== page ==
Florida’s Fifth District Limits Use of “ensuing Loss” Exclusion in Residential Homeowner Policy how Does Florida Interpret the “ensuing Loss” Provision in A Homeowner’s Insurance Policy that Also Contains an Anti-Concurrent Cause Provision?
When it comes to homeowners’ insurance, policyholders are often bereft to find the intricate interplay between one exclusion and another can quickly lead to a denial of coverage. Such was the case in a recent matter decided by the Florida’s Fifth District Court of Appeal involving one well-known national insurer and a set of homeowners having experienced major tropical storm damage. The following facts are undisputed, and the court ended up sustaining the exclusion asserted by the insurer on the grounds that the policy not only included an “ensuing loss” provision, but also included a concurrent loss provision preventing policyholders from recovering based on the notion that another, interceding event actually caused the damage.
In Liberty Mutual Fire Ins. Co. v. Martinez, an insurance dispute stemmed from the decision of homeowners to drain their in-ground pool due to an incoming tropical storm. During the storm, enough water accumulated underground that the pool shell was actually lifted out of the ground by a force known as hydrostatic pressure. During this event, the pool shell damaged the pool deck, rock garden, and a nearby waterfall.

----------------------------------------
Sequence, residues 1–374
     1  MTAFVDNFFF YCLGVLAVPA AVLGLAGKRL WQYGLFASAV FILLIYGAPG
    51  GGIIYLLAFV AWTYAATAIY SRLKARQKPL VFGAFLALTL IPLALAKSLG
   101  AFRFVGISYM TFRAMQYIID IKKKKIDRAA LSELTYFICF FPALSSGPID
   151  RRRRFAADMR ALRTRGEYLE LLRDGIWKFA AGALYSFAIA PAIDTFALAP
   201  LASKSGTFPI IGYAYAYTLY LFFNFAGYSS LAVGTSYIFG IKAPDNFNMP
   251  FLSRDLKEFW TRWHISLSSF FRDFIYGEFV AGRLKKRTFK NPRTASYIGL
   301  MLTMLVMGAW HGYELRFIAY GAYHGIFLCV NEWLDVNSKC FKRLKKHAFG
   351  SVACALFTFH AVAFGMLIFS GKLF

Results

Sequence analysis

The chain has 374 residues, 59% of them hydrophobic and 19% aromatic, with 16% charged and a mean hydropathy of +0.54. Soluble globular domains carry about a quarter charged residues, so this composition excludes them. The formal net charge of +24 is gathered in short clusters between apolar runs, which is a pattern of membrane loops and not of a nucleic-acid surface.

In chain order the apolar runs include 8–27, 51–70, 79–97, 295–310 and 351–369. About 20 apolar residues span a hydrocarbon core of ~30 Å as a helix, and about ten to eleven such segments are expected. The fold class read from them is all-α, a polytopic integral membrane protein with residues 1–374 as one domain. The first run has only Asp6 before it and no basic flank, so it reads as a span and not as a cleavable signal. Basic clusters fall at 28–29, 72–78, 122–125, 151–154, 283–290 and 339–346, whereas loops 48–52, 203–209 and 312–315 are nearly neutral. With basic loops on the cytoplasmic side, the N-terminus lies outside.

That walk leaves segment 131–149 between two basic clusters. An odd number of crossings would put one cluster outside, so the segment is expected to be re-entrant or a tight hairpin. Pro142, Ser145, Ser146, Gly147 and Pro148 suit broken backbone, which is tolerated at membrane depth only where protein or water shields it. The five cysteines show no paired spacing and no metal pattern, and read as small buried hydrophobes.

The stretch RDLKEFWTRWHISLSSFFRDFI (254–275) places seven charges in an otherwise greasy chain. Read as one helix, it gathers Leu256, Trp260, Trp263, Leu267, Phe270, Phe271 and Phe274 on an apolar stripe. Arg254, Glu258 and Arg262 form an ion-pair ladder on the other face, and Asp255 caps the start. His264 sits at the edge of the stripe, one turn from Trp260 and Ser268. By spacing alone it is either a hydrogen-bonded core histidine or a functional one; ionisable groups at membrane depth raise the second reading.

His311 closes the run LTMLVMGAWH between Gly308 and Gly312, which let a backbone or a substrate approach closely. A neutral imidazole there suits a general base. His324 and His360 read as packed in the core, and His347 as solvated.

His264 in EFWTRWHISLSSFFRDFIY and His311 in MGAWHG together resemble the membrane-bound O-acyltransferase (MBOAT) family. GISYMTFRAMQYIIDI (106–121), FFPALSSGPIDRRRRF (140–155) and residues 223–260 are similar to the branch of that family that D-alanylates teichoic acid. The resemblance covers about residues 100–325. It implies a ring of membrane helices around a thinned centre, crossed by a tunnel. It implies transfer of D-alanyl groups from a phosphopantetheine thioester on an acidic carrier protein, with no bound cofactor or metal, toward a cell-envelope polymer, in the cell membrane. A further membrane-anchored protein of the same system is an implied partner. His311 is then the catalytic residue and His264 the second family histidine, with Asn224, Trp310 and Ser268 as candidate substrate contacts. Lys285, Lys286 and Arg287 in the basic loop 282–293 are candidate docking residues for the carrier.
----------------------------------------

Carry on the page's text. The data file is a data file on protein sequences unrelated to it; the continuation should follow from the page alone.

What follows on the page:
The plaintiff’s claim for coverage was denied by the insurance company, which relied on the “water damage” exclusion, rejecting claims for “loss caused directly or indirectly by… flood, surface water…or spray from any of these, whether or not driven by wind.” On appeal of this denial, the plaintiffs claimed that the pool shell lifting was a separate event caused by hydrostatic pressure, which is not expressly mentioned in the policy. The plaintiffs supported this argument by pointing to the language in the policy that states “any ensuing loss to property not excluded or excepted” is covered.
However, the insurance company successfully advanced the argument that an ensuing loss is one that occurs separate from, but as a result of, an excluded loss (i.e., flood, surface water). The court upheld this argument after examining several hydrostatic pressure cases from other jurisdictions, and held that “[e]nsuing loss exceptions are not applicable…if the ensuing loss was directly related to the original excluded risk.”
If you are facing an uphill battle with your residential or commercial insurer, please contact the experienced property insurance attorneys at Pekar Law today by calling us.